Innovative, with Icelandic inspiration
During a memorable trip to Iceland, Thomas Mitchell had a revelation. Inspired by the tiny nation's innovative construction and architectural proclivities, he began to think about how to replicate a home like those he saw in Iceland — sustainable, efficient, bright, comfortable and perfectly suited to its natural surroundings.
Acting as his own general contractor, he assembled a team who could bring his vision for a contemporary farmhouse to life, and set out to find the perfect spot to build it. With the help of his Realtor, Judi Caracausa, broker-owner of Market Realty, he discovered a 7.33-acre parcel in Stonington at 54 Barnes Road and laid down the stakes.
Mitchell's team of more than 30 contributors comprised Architect Mark Comeau, H.J. O'Keefe Construction, four engineering firms, five building specialists, five systems suppliers, and Cedar Ridge Landscaping. As he took us on a tour of the home in early November, Mitchell remarked about how well the team collaborated.
It's not hyperbole to say that he's thought of everything here, from big-picture visionary ideas to tiny, but important details. He designed the house to be a home that would take care of its inhabitants more than they need to take care of it. He made good on that in grand ways, like with the house's mechanicals. It has a SolarEdge system and battery backups that keep electrical costs low. Mitchell produced one electrical bill that was less than $10 for the month. Excess electricity produced by the system is sold back to the public grid.
Geothermal wells that flow down 65-feet below the ground and back up again keep the house at a comfortable ambient temperature year-round. The team also added German-engineered heat recovery ventilation (HRV) systems to manage humidity and air quality. Thermomass concrete was chosen for the exterior walls, and all of the doors and windows are insulated with energy efficiency in mind.
Mitchell also considered how the house was situated on the lot. They leveraged mounds of earth — berms — to further insulate exterior walls. The design also incorporated lots of windows to capture natural light and deliver views of the landscape, which was once fertile farmland. Mitchell recently discovered a patch of heirloom variety cherry tomatoes growing in the meadow at the back of the house; he attested to their sweetness and fragrance when they were ripe.
Inside the house, the 3,058 square feet of living space provides true open-plan living, with a great room comprising the kitchen, dining and living areas. It has a beamed, cathedral ceiling and sealed gas fireplace with a fieldstone surround and built-ins that bookend each side.
The interiors of the home really showcase the natural construction materials. Mitchell sourced Douglas Fir post and beams from a timber company in southern Vermont. Red oak was chosen for the hand-crafted staircase railing, and white oak for the hardwood floors.
The primary bedroom suite is on the first floor, and its bathroom is indulgent, with a deep claw-foot tub and a shower room, with two shower heads, side by side. Glass doors in the bedroom open out to the south-facing patio, and it has a fully outfitted walk-in closet.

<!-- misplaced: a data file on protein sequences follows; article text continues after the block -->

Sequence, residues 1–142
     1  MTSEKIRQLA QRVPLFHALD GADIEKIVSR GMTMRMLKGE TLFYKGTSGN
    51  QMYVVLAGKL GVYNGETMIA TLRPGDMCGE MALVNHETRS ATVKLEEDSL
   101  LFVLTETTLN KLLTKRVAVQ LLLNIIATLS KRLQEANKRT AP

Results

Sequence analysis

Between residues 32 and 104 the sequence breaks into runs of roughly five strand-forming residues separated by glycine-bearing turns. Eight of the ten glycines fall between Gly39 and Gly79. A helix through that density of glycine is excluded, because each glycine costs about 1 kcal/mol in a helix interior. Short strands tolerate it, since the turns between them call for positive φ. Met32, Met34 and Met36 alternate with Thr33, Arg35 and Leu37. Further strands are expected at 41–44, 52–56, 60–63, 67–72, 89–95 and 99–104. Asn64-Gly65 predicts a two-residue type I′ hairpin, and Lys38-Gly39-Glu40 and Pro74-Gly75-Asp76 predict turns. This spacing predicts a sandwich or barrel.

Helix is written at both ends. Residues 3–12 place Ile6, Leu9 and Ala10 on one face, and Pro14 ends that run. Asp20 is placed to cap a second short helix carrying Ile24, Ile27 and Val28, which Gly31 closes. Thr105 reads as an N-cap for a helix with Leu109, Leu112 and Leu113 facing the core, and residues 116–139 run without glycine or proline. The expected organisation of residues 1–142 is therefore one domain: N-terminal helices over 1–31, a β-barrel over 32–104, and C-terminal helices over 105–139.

Throughout the house, prospective buyers will find a great deal of storage space, with custom-outfitted closets. Though the aesthetic feels airy and grand, it has a sensibility about it that says, space should be efficiently used — like the laundry, for example. It's tucked away in a clever closet on the main level, with Whirlpool-brand washer and dryer, which require no external venting; plus, there's a laundry sink and folding area, completely hidden from view.
Another closet on the main level has a door that's raised off the floor far enough to allow the automated vacuum inside to enter and exit at will.
There are some spaces that afford some flexibility for the buyer. For example, there's a loft overlooking the great room, which could be used for a reading nook or home office. A large storage room on the second level could be a great playroom for kids. On the first floor, there's an indoor-to-outdoor space with a glass-front garage bay door. It could be any number of things: a yoga studio, a creative space, home office, or even a workshop.
There's also plenty of workshopping and storage space in the oversized attached garage.
Though it wasn't part of the original plan for the property, COVID-19 caused Mitchell to think about the outdoor living space here, as well, so he added a post-and-beam pavilion with a bluestone patio and an outdoor fireplace. Though there is no permit in place for a pool at this time, there's plenty of space to add one.
Creating this special home has been a labor of love for Mitchell, but he's ready to pass it along to someone new who will appreciate the care and consideration he put into the project. He's listed 54 Barnes Road, Stonington, for sale; Judi Caracausa is the listing agent. At press time, they had an accepted offer, but were still considering backup offers. Caracausa is also busy looking for more land for Mitchell's next project. He enjoyed the experience so much, he's founded a company based on the concept, realsmarthouse LLC.
"Realsmarthouse got its name because I was annoyed by the terms 'smart house' and 'smart home.' Those internet-enabled control systems are indeed revolutionary, but they mostly get installed in houses that are fundamentally no smarter than they were 300 years ago," Mitchell explained. "So, we decided to build a house that was smart from the ground up, working with the natural intelligence inherent in the earth, atmosphere and sun."
Property: 54 Barnes Rd., Stonington
Square Footage: 3,058
Asking Price: $1.549 million
Seller's Agent: Judi Caracausa, Market Realty; Mobile: (860) 572-1155; email@example.com
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